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The smackdown of Newton and the Panthers in Super Bowl 50 falls way, way, way short of true embarrassment. Elway knows that feeling. His Denver teams scored just 10 points in Super Bowl losses to Washington (1987) and San Francisco (1988), and the Broncos managed just eight in their loss to Seattle in the 2013 finisher.

Rob Gronkowski 'highly unlikely' to play Sunday against the Bears

Rob Gronkowski 'highly unlikely' to play Sunday against the Bears

Sunday's game against Tom Brady and the Patriots will be a tough test for the Bears, but it looks like they're going to receive a big break.

According to ESPN's Adam Schefter, Patriots tight end Rob Gronkowski didn't travel with the Patriots to Chicago and is "highly unlikely" to play Sunday.

Avoiding Gronkowski, who is one of Brady's favorite targets, would be a huge break for the Bears' defense. In six games this season, the tight end has 26 receptions for 405 yards and a touchdown; in 14 games last season, Gronkowski had 69 catches for 1,084 yards and eight touchdowns.

Gronkowski has not officially been ruled out yet, though time is running out for the Patriots to make a decision.

Meanwhile, Khalil Mack appears set to play Sunday despite dealing with an ankle injury. Between having Mack on the field and Gronkowski off of it, good news keeps coming for the Bears' defense.

Final thoughts: Cody Parkey quickly moves on from missed game-winning kick

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Final thoughts: Cody Parkey quickly moves on from missed game-winning kick

There’s, probably, only one position in sports that can match the you-had-one-job scrutiny of a placekicker attempting a critical field goal late in a football game. As in: If you make the kick, it was expected; if you miss it, well, you didn’t do the one thing you were brought on to do. 

The comparison here is a closer in baseball. The expectation is whoever is called upon with a one-to-three-run lead in the ninth inning will convert the save and win his team the game. 

But when a closer blows a save and is in the spotlight during baseball’s regular season, there’s always a game the next day or, at worst, in two days. The immediacy and pace of a Major League Baseball team’s schedule lends itself to closers having to “flush” a bad outing and move on to the next one, since it might be tomorrow.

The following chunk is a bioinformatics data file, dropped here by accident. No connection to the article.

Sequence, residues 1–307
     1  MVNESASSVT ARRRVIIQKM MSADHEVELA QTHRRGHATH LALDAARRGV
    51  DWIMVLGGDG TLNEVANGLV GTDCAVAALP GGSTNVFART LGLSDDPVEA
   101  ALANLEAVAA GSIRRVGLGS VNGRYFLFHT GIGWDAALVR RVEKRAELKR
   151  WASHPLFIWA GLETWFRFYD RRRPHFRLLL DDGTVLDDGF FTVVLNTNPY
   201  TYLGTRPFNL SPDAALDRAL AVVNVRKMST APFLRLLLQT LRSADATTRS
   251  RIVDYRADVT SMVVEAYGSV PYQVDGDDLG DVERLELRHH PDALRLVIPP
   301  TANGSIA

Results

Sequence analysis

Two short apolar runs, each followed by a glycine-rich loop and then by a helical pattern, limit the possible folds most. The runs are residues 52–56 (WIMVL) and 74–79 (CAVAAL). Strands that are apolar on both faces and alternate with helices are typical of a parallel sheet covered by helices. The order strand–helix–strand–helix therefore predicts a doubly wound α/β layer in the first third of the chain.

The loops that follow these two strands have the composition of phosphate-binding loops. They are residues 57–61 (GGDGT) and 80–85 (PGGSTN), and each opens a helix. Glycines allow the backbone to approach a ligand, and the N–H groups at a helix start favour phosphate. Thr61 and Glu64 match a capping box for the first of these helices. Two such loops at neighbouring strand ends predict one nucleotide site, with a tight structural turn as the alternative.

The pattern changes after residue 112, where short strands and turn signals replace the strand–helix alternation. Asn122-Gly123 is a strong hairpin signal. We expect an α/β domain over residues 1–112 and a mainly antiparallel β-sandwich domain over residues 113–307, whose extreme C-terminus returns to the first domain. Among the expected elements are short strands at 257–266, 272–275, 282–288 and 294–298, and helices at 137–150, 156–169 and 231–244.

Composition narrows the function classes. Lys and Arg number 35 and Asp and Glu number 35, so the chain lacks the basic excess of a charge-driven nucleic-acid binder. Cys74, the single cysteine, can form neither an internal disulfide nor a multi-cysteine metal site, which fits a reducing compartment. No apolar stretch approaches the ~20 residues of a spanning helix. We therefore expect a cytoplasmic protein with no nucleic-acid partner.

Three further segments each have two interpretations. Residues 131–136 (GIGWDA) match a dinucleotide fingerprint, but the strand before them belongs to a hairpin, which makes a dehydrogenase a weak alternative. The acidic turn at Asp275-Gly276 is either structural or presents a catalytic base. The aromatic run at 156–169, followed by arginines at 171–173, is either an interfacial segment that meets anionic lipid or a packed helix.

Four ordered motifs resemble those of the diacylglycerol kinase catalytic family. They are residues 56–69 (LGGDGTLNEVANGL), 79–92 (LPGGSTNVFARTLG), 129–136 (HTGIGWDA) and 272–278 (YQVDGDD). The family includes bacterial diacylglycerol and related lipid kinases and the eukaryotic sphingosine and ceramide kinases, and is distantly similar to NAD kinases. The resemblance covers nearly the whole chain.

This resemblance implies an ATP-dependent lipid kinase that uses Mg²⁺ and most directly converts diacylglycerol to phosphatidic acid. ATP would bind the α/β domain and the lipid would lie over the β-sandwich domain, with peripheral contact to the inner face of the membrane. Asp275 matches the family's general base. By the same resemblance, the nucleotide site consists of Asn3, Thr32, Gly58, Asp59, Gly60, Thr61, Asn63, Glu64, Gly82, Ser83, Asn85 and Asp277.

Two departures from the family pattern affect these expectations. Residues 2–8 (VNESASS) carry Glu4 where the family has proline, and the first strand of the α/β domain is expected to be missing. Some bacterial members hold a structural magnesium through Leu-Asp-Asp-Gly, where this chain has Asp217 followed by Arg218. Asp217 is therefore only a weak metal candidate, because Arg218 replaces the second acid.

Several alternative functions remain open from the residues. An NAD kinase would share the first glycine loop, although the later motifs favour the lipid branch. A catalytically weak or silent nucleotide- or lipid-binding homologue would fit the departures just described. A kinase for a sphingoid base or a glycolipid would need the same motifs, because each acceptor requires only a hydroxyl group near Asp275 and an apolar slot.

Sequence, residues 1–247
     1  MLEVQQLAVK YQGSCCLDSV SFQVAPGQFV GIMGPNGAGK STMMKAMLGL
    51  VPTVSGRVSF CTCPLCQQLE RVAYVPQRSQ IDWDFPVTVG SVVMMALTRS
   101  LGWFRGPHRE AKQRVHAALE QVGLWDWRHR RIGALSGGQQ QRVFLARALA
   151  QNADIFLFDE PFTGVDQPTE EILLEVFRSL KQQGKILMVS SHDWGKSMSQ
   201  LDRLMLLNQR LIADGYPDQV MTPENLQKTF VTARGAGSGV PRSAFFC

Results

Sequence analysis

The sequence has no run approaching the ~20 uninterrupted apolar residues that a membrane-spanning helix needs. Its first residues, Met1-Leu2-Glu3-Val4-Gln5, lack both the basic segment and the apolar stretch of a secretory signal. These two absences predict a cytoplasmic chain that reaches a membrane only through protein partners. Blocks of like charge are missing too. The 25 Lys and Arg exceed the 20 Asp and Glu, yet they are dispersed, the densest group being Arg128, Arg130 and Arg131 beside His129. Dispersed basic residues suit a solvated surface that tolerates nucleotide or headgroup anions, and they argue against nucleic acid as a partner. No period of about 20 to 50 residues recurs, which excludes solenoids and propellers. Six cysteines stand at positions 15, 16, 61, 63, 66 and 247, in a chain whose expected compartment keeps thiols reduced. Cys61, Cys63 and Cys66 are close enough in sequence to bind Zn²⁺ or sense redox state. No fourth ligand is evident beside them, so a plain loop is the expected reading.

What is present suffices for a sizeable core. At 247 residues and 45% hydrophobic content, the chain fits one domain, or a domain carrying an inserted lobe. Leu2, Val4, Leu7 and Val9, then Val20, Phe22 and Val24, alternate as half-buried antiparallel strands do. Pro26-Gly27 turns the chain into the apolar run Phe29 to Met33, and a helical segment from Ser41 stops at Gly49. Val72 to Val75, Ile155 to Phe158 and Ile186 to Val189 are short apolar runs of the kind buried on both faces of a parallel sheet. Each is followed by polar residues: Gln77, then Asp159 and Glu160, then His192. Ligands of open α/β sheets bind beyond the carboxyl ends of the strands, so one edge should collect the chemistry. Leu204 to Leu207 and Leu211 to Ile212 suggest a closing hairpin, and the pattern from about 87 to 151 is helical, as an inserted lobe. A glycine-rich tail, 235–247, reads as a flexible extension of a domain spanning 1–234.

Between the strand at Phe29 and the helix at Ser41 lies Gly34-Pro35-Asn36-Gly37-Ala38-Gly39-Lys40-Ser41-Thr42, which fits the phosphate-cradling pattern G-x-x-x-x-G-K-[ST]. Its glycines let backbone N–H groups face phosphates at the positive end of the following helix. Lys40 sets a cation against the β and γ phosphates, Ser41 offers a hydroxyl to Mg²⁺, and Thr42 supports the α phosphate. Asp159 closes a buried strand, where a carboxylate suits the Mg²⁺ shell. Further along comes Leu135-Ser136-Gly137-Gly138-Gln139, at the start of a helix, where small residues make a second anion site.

For Bears kicker Cody Parkey, though, he’s had to wait a week until he gets his next “meaningful” chance at making a field goal after missing a game-winning 53-yard attempt last weekend against the Miami Dolphins. But moving on from a critical missed kick has never, and is not, a problem for the fifth-year veteran. 

“(It takes) five minutes,” Parkey said. “You kick the ball, and if it doesn’t go in you’re not going to sit there and cry on the field, you’re going to continue to move on with your life. I don’t think there’s really much to it other than knowing you’re going to have to kick another one sometime throughout the season, next game, in the next week, you never know. You stay ready so you’ll be ready for the next week.”

Not allowing those missed kicks to fester is an important trait for a placekicker to possess. What helps Parkey quickly work through his misses is focusing on having a good week of kicking in practice, and also an even-keel mindset that’s been instilled in him since a young age. 

“I think I’ve always been pretty mellow,” Parkey said. “At a young age, my coaches told me never let the highs get to high, never let the lows get too low. And I’ve kind of taken that to heart. If I miss a game winner, make a game winner, I’m going to have the same demeanor. I’m just going to be super chill and knowing it’s a game, it’s supposed to be fun, we’re supposed to go out there and try our best. I put in a lot of work and I try my best on the field.”

That’s something, too, that special teams coach Chris Tabor sees in Parkey. 

“He's always been like that,” Tabor said. “He hit a good ball, his line was just off. In his career going in he was 7-of-8 over 50 yards. I'll be honest with you, I thought he was going to make it. And next time we have that situation, I know he will make it.” 

Age is just a number

Sunday will mark the 6th time in Tom Brady’s career that the 41-year-old has faced a head coach younger than him, but the first time it’ll be a coach other than Miami’s Adam Gase (who’s 40). Brady is 3-2 against Gase’s Dophins. 

Matt Nagy, meanwhile, is also 40. Brady just missed playing Kyle Shanahan (38) and Sean McVay (32), facing the San Francisco 49ers and Los Angeles Rams in 2016, a year before both those youthful coaches were hired. 

Meanwhile, the youngest player on the Bears — 21-year-old Roquan Smith — was three years old when Brady made his unassuming NFL debut on Nov. 23, 2000. 

They said it

A couple of amusing one-liners out of Halas Hall this week…

Nagy, when it was brought to his attention that Mitch Trubisky (105.6) has a better passer rating than Brady (98.2), chuckled: “You want to say that one more time?” 

Patriots tight end Rob Gronkowski, when asked if he’d ever heard of “Baby Gronk” Adam Shaheen: “(long pause)… Sometimes.”